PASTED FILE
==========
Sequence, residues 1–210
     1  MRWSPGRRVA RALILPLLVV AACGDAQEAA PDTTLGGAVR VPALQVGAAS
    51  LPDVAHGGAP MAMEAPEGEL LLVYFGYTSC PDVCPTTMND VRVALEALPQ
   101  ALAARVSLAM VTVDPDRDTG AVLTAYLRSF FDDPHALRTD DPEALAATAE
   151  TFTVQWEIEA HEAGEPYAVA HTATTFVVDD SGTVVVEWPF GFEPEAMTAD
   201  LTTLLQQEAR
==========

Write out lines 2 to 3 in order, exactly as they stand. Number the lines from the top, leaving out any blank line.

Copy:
     1  MRWSPGRRVA RALILPLLVV AACGDAQEAA PDTTLGGAVR VPALQVGAAS
    51  LPDVAHGGAP MAMEAPEGEL LLVYFGYTSC PDVCPTTMND VRVALEALPQ